Friday, July 15, 2011

Notes from the Leper Asylum - Part IV

Barbadian-Canadian Relations Notes

Barrow, Errol*. “A Role for Canada in the West Indies.”  International Journal: Canadian Institute of        International Affairs 19 (1964): (Barbados Archives).

“*Premier of Barbados. This article is a slightly revised version of an address at a conference on ‘Commonwealth Partners in the West Indies,” held at Fredericton, N.B., October 25-27, 1963, by the Fredericton Branch of the Canadian Institute of International Affairs and the University of New Brunswick.”

·         Errol Barrow:
·         What the average Canadian can do to help the West Indies (p.172):
o   “Keep coming down to our area in ever increasing numbers; and he will never need the rigours of the winter to impel him in our direction after he has been there for the first time.”
o   Treat the West Indian student and West Indian visitor to Canada, “with the same candour and friendliness that West Indians extend to Canadians in the West Indies”.
·         Economics (p.172):
o   “Canada-West Indies relations…economies are entirely complementary.”
·         British government pushing for closer ties to Canada in the West Indies (p.174-175):
o    “Canadians are better disposed to the Caribbean than he could ever convert the British people to be.”
o   Canadian trade with the West Indies voluntary or coerced by the UK?
·         Rum sales (p.177):
o   1950s: Barbados imports of rum near 1,000,000 gallons
o   Canada put on import taxes and wanting to refine rum in Canada
o   Sale of Barbadian rum to Canada thus declining in the 1950s onwards
·         Banks (p.178):
o   With the exception of Barclays Bank, banking business is “carried on exclusively by Canadian concerns”.
o   Canadian banks throughout Barbados and exclusively involved in Barbadian finance and commerce
·         Barrow asking for Canadian foreign investment and Canadian immigration of businessmen and investors (p.180):
o   “Discover some kind of activity that would have afforded them the privilege of living for an indefinite period of time in the West Indian islands, even after they may have retired from their businesses in Canada.”
·         Barbados sticks to “traditional [trading] markets” in Canada – ie flour (p.183)
·         Barrow asking for Canada, Canadian businessmen, Canadian Government to look at the similarities (parliamentary, colonial, English language) of the Canadian-West Indian link before looking elsewhere (South Asia) for investment
o   Drawing on Canadian-West Indian historical ties and common Commonwealth kin to propel future foreign relations and foreign partnerships
·         Immigration (p.184):
o   “One of the more vexing problems of the relationships between this country (Canada) and ours (Barbados and the West Indies) is the question of immigration.”
o   ***“…I am not satisfied that on the question of immigration the Canadian government has ever led from anywhere but far in the rear of public opinion.”***
o   1962: only 1500 West Indians to Canada out of a total of 75,000 immigrants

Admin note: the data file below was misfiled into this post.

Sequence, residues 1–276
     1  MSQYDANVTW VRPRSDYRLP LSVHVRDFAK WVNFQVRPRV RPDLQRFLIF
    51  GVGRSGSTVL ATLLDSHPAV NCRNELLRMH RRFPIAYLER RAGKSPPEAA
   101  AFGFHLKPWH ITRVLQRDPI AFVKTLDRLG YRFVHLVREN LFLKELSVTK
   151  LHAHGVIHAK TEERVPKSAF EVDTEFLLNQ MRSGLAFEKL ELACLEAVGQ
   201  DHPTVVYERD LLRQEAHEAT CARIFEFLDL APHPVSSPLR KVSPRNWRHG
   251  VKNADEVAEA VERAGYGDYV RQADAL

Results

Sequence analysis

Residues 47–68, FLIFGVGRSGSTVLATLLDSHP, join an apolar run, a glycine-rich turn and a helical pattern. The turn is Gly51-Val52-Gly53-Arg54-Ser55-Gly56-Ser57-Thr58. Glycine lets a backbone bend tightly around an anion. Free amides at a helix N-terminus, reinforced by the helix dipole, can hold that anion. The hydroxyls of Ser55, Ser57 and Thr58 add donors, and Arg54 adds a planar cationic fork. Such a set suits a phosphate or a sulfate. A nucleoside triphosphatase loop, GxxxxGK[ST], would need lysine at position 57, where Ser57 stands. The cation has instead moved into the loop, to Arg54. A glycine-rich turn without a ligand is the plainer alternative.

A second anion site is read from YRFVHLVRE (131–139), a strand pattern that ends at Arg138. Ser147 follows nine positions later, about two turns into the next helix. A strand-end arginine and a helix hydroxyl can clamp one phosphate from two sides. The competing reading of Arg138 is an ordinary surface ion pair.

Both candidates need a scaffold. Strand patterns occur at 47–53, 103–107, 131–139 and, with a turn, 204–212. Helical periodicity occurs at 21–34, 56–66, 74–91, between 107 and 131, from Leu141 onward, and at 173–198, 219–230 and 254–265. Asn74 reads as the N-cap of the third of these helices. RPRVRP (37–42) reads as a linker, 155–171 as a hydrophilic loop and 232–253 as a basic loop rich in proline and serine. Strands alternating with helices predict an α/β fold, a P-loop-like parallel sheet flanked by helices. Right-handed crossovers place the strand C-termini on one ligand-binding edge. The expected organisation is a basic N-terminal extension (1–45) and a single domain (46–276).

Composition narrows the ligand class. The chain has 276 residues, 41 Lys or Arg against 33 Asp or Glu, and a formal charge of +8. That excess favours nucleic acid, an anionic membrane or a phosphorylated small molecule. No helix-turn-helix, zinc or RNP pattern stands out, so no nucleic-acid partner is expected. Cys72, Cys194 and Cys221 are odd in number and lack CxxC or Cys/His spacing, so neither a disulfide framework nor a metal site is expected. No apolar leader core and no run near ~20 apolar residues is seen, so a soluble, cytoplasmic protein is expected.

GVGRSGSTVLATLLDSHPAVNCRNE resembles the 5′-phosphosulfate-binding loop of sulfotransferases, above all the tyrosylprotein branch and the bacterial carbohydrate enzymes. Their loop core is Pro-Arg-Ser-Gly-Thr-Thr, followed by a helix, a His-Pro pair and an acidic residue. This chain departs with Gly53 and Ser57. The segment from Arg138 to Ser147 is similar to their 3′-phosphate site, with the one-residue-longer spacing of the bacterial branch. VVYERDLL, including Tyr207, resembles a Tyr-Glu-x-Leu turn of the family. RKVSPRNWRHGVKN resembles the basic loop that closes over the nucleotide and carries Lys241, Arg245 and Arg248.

o   Even following the “official” de-racialization of Canadian immigration
·         Climate (p.184-185):
o   West Indians prefer Canadian winters over English summers:
o   “One must therefore conclude that the West Indian would sooner come to Canada than go to Britain.”
o   Throws the idea of Canadian Climate Discrimination against Blacks right in its face
o   “To be brutally frank, there is a feeling that in view of the large influx of unskilled Italian and other European immigrants coming into this country, there is either tacitly or explicitly some element of discrimination against the West Indian immigrant.  There is no point in telling us in the West Indies that you have unemployment up here if you introduce into this country people who cannot even speak English or French, and who have no skill at all; and at the same time you cream off from the West Indian economy only the highly skilled, the professional and the technical workers that we so badly need for our industrial programme…Our skilled, our technical and our professional people are the people you are welcoming now with open arms; and at the same time you are introducing into this country large numbers of people who will probably have to spend two or three years even to begin to understand how to order a loaf of bread or to speak to a taxi driver; and the people who are so culturally close to you in many respects are kept out.”
o   The only difference being their colour.  Very well said and self-explanatory.  This quote will appear verbatim in my dissertation.  A Barbadian Premier told off the Canadian government in Canada on how it selects immigrants.  Essential saying that Canada would prefer to take White European rift raft over overqualified Black West Indians.  And when they do select West Indian immigrants (even as domestics through the Domestic Scheme as my dissertation will show which the case was predominantly in the 1950s), they take the most qualified Barbadians that are needed to push forward an emerging new nation-state.  It was not a Brain Drain, but a calculated population rape.  Racism and discrimination is the only true explanation for a view of White Canada that was supposedly abolished in 1962 by Ellen Fairclough.  The Mudsill Theory in full effect.  Only the best and the brightest Barbadians were accepted and tolerated as unequals and inferiors in Canadian immigration policy.  If that’s not racism and discrimination, I don’t know what is.

3 comments:

  1. That last quotation is a slap in the face to Canadians who believe that racism is dead. Numbers don't lie!

    This dispatch from the asylum is the most interesting yet!

    ReplyDelete
  2. Better than an incoherent rant about nothing.

    ReplyDelete